donderdag 3 oktober 2013

Marc Jacobs boosting LVMH upon exit; photography Djamila Celina Melcherts. Paris - New York designer Marc Jacobs’s departure from LVMH to focus on an initial public offering of his own Marc Jacobs brand is set to provide a double boost for the top luxury goods company LVMH. The move will enable Jacobs to concentrate solely on the growth of his own label.

Marc Jacobs boosting LVMH upon exit; photography Djamila Celina Melcherts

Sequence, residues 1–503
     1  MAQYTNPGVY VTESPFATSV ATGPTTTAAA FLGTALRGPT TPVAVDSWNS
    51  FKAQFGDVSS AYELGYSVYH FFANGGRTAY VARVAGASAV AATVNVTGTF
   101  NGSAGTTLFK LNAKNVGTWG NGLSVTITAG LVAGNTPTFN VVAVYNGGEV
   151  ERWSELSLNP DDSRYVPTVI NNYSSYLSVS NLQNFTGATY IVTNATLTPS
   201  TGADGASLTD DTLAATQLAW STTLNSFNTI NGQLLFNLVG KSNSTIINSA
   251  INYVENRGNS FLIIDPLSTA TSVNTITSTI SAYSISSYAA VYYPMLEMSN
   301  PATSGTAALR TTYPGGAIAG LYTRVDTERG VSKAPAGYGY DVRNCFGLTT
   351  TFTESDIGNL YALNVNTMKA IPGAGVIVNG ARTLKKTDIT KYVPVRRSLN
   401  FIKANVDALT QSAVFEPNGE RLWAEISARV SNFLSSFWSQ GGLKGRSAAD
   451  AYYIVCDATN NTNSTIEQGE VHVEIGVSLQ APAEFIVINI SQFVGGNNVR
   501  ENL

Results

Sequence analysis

Louis Vuitton’s catwalk show, staged in Paris this week, was a tribute to Marc Jacobs, who is leaving LVMH after 16 years of service. The designer, who is credited with turning Louis Vuitton into one of the world’s most successful luxury brands, is planning to taking his own Marc Jacobs brand public. LVMH, the luxury group that owns Louis Vuitton and has had a majority stake in the Marc Jacobs label since 1997, said it has come to an agreement with the designer and his business partners. As this point in time it is unclear whether or not LVMH would retain a stake in Marc Jacobs until it floats, or if the designer will secure private equity backing to buy LVMH out. That would come with a considerable price tag, says Bonno van der Putten, retail expert for Private Equity powerhouse Monarch Capital . “When LVMH and Marc Jacobs started together, Marc Jacobs was a relative tiny business of around €15m of revenue/year. Today the total sales of the fashion label accounts for annual sales of nearly € 7 billion for LVMH and and more than its operating profits. This of course has been a tremendous and successful growth path. LVMH and Kering (formerly known as PPR, and before that Gucci Group), the two major luxury conglomerates, have acquired virtually every historic fashion brand in Europe, as well as some in the United States. Both LVMH and Kering and some other luxury sector focused Private Equity players are once again making investments in young designer labels at a rapid pace, with J. W. Anderson and the shoe designer Nicholas Kirkwood joining LVMH, and Joseph Altuzarra and Christopher Kane now linked with Kering Van der Putten says it is believed that LVMH will continue to invest in expanding Marc Jacobs’ network of stores. Of course, as a own brand, Marc Jacobs will also need to demonstrate its value as a standalone business if it wants to win over would-be shareholders, according to van der Putten who is a serial PE investor in retail and luxury fashion brands. Marc Jacobs, the designer, and his management team will be key in developing the business, but the company needs to avoid becoming overly reliant on a single figure, he added. Few of the fashion brands that have gone public are associated with a single, living designer. The most famous, Donna Karan, offers a cautionary approach as investors fell out of love with the brand as it expanded too fast, and a year later the brand was acquired by LVMH, around the same time LVMH bought into Marc Jacobs. LVMH’s strategy has been one of purchasing other blockbuster brands that would allow the company to reduce its reliance on smaller labels such as Fendi and Celine, while buying it time to burnish Louis Vuitton and develop its other fashion lines. Michael Kors has had more success as a public company . Michael Kors has that buzz factor. The company, which went public in December 2011, is likely double its revenue by next spring to reach $2.9 billion. Michael Kors Q1 sales grew 54%. Revenue at stores open at least a year, a key indicator of a retailer’s health, rose 27%. In North America, that sales growth figure was 25%; in Europe, 56%. After its IPO, the stock traded around $25. After its latest earnings call, shares traded at about $70. Private Equity backers (among others John Idol, investors Silas Chou & Lawrence Stroll ( through their Hong Kong-based PE vehicle Sportswear Holdings), Lance LePere, Brightpoint and Monarch Capital) encouraged Kors to start a lower-priced line, the MICHAEL Michael Kors Collection. And while Kors continues to produce runway collections and offer ultra-luxe items, it’s the other line of accessories and clothes—and accessories in particular—that’s really selling. Small leather goods and handbags are most important to Kors. Shares of Michael Kors have tripled since December 2011, making it one of the most successful offerings in recent years. Mr. Kors made hundreds of millions of dollars taking his company public, and his private equity backers have made billions. Van der Putten says that said that the success of Michael Kors’s IPO and other successful PE fashion I.P.O. stories driving much of the interest in high-fashion stock, reason for a flurry of I.P.O activity nowadays in the fashion industry By pursuing an IPO, Marc Jacobs could follow that Michael Kors path Focusing on his own line will give Jacobs an opportunity to make it more exciting, according to van der Putten.

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